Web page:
Innovation Statement: Malcolm Turnbull unveils $1 billion research and innovation package

The Federal Government will spend almost $1.1 billion in the next four years to promote business-based research, development and innovation.

Prime Minister Malcolm Turnbull unveiled his much-anticipated Innovation Statement in Canberra today.

Among the package's major initiatives are:

  • $106 million in tax incentives for "angel" investors, who provide seed funding in the early years of a venture's creation
  • $75m to the CSIRO's data research arm Data 61
  • $30m for a "Cyber Security Growth Centre" to create business opportunities in cyber security, which the Government spends $5b on each year
  • $15m over four years towards a $200m CSRO Innovation Fund
  • $10m over four years towards a $250m Biomedical Translation Fund, in partnership with the private sector

Australians wanting to take their ideas internationally will also be supported through a $36m "Global Innovation Strategy", helping them get started in Silicon Valley, Tel Aviv and three other locations, as well as a $22m funding project with German's Fraunhofer Institute.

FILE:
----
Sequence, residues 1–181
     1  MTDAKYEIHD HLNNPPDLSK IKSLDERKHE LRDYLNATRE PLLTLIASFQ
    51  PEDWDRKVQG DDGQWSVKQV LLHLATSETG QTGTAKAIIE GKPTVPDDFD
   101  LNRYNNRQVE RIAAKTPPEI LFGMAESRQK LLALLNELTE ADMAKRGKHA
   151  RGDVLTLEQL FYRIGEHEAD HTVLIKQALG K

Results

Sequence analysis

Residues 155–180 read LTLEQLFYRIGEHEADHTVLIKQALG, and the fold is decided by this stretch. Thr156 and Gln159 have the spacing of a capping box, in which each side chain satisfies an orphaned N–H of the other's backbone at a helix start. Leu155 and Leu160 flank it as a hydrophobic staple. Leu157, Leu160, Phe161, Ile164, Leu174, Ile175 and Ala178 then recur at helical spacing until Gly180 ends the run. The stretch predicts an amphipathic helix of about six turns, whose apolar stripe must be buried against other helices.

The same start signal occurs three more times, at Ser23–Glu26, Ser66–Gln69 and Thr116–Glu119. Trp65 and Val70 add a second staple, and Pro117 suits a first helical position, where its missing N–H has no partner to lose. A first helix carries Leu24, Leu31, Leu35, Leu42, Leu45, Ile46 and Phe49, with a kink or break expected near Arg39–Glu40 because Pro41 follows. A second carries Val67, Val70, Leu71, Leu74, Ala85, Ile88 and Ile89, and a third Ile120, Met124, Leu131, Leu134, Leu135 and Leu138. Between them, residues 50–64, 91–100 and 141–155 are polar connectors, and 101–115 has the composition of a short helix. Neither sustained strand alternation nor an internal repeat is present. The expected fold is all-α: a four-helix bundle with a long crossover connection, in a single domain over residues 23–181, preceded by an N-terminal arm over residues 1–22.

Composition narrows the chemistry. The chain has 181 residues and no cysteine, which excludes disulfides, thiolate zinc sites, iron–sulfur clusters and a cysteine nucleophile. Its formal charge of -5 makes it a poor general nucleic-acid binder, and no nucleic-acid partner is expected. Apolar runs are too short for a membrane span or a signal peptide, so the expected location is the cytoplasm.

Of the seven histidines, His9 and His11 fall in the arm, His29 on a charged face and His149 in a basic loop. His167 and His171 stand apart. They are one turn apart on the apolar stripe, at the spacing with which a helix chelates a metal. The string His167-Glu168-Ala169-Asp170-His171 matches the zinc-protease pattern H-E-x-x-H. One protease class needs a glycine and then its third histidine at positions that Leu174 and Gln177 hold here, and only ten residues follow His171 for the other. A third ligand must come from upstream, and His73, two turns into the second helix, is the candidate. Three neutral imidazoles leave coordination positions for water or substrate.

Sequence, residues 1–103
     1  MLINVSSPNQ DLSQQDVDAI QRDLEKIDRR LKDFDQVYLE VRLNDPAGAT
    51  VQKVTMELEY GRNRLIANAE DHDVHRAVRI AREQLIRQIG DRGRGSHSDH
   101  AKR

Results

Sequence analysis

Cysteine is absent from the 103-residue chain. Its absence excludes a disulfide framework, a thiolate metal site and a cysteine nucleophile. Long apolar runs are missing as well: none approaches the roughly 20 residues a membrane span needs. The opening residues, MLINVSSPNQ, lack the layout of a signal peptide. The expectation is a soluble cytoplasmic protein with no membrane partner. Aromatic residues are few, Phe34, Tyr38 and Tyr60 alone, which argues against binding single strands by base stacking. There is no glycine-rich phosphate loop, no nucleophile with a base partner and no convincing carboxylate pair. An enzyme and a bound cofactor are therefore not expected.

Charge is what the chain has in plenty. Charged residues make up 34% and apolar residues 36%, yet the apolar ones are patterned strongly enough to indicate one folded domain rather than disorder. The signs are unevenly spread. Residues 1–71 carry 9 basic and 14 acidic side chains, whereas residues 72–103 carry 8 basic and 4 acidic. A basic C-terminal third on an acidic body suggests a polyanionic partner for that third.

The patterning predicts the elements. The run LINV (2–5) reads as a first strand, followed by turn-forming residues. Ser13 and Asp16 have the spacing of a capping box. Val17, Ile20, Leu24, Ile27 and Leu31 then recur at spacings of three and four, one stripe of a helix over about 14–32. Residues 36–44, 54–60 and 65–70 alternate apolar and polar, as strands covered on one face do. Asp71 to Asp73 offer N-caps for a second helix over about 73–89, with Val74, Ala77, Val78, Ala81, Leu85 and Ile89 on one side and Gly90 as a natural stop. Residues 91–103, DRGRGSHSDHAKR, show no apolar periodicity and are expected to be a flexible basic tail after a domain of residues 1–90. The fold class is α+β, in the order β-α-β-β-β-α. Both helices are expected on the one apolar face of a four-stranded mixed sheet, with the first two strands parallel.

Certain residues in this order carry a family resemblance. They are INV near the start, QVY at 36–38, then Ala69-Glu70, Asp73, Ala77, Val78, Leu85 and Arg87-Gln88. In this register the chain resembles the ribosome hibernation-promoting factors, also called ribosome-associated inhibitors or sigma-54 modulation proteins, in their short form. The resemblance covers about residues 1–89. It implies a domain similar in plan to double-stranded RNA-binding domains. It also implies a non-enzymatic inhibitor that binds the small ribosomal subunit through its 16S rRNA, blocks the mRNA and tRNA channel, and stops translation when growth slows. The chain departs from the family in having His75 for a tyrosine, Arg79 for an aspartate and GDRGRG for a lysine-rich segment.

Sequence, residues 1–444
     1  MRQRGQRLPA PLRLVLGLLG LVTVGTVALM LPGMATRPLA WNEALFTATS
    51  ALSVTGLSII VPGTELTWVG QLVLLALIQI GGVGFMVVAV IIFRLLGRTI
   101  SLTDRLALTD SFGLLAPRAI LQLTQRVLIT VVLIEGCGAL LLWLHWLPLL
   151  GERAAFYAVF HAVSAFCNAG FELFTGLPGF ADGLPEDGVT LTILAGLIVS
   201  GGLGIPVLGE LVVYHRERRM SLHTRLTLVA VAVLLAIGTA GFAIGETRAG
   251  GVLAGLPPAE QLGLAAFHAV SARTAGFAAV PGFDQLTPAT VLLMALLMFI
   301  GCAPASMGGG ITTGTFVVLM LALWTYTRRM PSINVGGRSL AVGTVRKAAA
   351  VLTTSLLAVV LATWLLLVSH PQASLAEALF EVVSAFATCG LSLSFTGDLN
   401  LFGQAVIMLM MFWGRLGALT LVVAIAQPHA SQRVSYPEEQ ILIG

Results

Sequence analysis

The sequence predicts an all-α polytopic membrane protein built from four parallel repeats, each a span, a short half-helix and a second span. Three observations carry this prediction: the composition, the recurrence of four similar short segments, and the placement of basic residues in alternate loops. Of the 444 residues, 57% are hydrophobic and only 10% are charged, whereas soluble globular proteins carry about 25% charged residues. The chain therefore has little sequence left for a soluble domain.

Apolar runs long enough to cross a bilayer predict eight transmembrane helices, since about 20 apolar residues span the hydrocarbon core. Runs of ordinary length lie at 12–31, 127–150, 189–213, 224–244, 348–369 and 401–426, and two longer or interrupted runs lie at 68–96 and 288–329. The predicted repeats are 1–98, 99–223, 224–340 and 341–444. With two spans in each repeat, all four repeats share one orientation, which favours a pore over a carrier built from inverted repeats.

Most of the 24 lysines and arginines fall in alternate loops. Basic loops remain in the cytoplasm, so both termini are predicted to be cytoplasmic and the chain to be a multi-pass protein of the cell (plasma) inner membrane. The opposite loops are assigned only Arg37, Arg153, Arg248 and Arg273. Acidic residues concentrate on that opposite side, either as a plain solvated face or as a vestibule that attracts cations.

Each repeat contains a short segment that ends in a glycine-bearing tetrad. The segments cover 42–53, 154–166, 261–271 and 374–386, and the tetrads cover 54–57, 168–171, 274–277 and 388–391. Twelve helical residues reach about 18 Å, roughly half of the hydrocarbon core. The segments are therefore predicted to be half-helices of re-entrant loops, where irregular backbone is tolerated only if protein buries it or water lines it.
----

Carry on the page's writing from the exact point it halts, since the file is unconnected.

Insolvency laws will also be relaxed for start-ups which fail. The default period for bankruptcy will be reduced from three years to one year.

Australia's falling maths and science standards are also being addressed through a $48m Science Technology Engineering and Mathematics (STEM) literacy program, $14m to encourage women and girls into the sector and $51m for to promote "digital literacy."

Mr Turnbull said the changes would help Australia transition away from the mining boom.

"What is going to drive Australian prosperity in the years ahead? How does our economy transition?" he said at the launch at the CSIRO.

"Our innovation agenda is going to help create the modern, dynamic 21st Century economy Australia needs.

"Unlike a mining boom, it is a boom that can continue forever, it is limited only by our imagination, and I know that Australians believe in themselves, I know that we are a creative and imaginative nation."


Source: ABC News

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